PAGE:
Beyond just gauging the suitability of OKRs, engaging in this dialogue with your team fosters a culture of transparency and inclusivity. It demonstrates a genuine commitment to addressing their concerns and aligning organizational objectives with their individual needs. By actively involving your team in the decision-making process, you not only enhance their sense of ownership but also cultivate a shared understanding of the challenges at hand. This collaborative approach lays the groundwork for a more resilient and adaptable workforce, better equipped to navigate the complexities of today's dynamic business landscape.

Empowering the individual contributor with the power to prioritise

OKRs serve as more than goal-setting tools for individual contributors; they provide a framework for prioritisation and empowerment. One often overlooked aspect of OKRs is their ability to contextualise the power of saying "no." 

Lawrence Walsh of There Be Giants says that this is a big thing that individual contributors love. "Everybody has been in the situation where you have people coming to you and saying, can you do this now? And [you're] already working 120%, but you have no context to say no other than kind of your own well being," he explains, "the big thing that individual contributors love is OKRs contextualize the ability to say no."

OKRs give everyone a receipt on what they all agreed on is the priority for the quarter. When a manager or leadership comes to you and asks for a unrelated task or request that will affect your performance in your ageed-upon OKRs, then you can use that to contexualise the request and how it will alter business success. 

Walsh continues, "you won't believe the amount of times those leaders then go, actually, yeah, you're right. We can park it until the next quarter and we'll turn this new initiative into an OKR in Q2, for example. For now, focus on what it is that we originally set out."

The big thing that individual contributors love is OKRs contextualize the ability to say no.

This common language helps contexualise requests in a way that eliviates overwork and helps individual contributors focus on what's most important. OKRs empower individuals to prioritise effectively by providing a clear framework for decision-making. By aligning new requests with established OKRs, individuals can make informed decisions about where to allocate their time and resources, ensuring that agreed-upon priorities remain at the forefront.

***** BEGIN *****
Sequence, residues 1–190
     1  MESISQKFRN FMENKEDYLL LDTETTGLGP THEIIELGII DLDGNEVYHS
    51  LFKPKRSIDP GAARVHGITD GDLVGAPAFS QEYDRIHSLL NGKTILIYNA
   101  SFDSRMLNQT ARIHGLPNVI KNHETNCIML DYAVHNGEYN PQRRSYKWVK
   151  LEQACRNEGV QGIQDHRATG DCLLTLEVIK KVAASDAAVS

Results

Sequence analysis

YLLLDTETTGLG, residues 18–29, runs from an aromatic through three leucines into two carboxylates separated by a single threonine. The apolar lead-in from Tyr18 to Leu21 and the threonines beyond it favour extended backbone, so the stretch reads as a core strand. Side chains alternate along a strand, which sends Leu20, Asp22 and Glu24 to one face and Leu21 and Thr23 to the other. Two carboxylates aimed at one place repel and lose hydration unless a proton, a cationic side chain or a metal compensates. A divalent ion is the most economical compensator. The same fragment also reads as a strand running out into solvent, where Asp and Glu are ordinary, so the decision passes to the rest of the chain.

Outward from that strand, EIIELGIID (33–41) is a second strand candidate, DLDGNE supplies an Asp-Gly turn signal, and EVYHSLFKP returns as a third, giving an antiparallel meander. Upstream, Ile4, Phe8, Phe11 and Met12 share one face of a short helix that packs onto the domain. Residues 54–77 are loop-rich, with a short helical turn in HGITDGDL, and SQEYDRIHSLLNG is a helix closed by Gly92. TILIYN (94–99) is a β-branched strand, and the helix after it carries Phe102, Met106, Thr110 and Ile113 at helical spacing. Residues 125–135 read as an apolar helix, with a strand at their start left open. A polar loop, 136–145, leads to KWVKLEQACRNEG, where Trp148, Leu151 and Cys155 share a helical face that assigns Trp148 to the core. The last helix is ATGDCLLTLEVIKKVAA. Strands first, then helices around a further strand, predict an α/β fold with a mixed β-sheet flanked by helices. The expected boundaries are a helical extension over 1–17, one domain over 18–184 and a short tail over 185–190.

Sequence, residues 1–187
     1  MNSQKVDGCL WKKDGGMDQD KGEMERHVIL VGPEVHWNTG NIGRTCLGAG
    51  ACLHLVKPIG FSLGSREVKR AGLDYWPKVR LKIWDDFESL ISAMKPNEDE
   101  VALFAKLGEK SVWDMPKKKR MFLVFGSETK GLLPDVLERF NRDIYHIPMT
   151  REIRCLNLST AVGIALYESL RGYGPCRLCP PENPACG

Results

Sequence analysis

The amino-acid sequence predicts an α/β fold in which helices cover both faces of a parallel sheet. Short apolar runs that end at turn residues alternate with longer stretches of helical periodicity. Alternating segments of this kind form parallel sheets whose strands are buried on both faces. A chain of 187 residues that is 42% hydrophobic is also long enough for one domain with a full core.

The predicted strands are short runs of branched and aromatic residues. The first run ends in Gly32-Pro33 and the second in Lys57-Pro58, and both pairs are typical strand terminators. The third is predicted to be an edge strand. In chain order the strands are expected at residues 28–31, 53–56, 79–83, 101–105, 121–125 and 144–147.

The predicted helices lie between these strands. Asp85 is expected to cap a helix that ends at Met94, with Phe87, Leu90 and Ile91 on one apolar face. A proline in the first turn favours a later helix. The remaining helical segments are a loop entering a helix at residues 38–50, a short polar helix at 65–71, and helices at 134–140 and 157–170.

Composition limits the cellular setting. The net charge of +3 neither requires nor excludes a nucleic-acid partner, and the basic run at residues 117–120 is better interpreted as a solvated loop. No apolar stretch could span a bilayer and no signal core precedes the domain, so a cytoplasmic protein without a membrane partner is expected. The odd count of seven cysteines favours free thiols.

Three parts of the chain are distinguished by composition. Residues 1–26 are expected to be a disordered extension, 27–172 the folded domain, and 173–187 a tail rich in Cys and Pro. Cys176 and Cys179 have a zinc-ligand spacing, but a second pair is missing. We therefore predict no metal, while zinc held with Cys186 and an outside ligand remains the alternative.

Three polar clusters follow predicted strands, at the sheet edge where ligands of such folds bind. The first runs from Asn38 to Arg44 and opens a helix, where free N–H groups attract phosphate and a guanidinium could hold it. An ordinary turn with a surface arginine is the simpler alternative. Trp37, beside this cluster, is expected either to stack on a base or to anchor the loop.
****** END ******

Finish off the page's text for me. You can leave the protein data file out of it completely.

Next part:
A clear sense of individual contributor progress and success

OKRs foster a culture of continuous improvement by setting ambitious yet achievable goals and encouraging individual contributors to stretch themselves and strive for excellence. At its core, OKRs are a form of feedback loop; you should consistently check in, revise your goals, and analyse your progress. While OKRs are a way to go from A to B with your goals, they're a valuable knowledge source. The fact is, you'll only know how things will go once you try them. By tracking goals, you'll gather a lot of data on how things should be done and how you can adjust to improve. 

This consistent feedback loop allows your individual contributor to become an expert on how to move the needle in this specific part of the company. This ownership will allow them to focus on the outcome more than the output and start to get more creative in their solutions.

When goals are reached, it also gives a sense of pride and accomplishment that they might not get from just completing a list of tasks. OKRs give a clear sense of impact on business goals. 

On the other hand, if you're worried about your team not hitting their goals, you can even have two targets: a safe goal and a stretch goal. This gives an expectation that they should be reaching for a higher goal while also giving a safety net in case there are hiccups along the way. Don't forget that this isn't a performance review, and individual contributors should not fear reporting bad news — this is crucial for real development, and failures should be celebrated as much as successes.


In conclusion, OKRs play a pivotal role in empowering individual contributors within organisations. OKRs enable individuals to navigate their workload with confidence and clarity by providing a clear framework for prioritisation and decision-making. The ability to contextualise new requests within the framework of existing OKRs empowers individuals to communicate their capacity effectively and maintain focus on key objectives. As organisations strive for success in today's competitive landscape, harnessing the power of OKRs is essential for fostering a culture of accountability, ownership, and continuous improvement among individual contributors.

Author photo

Bryan Schuldt

Co-Founder, Tability

Share this post
Weekly insights for outcome-driven teams
Subscribe to our newsletter to get actionable insights in your inbox.
Related articles
More articles →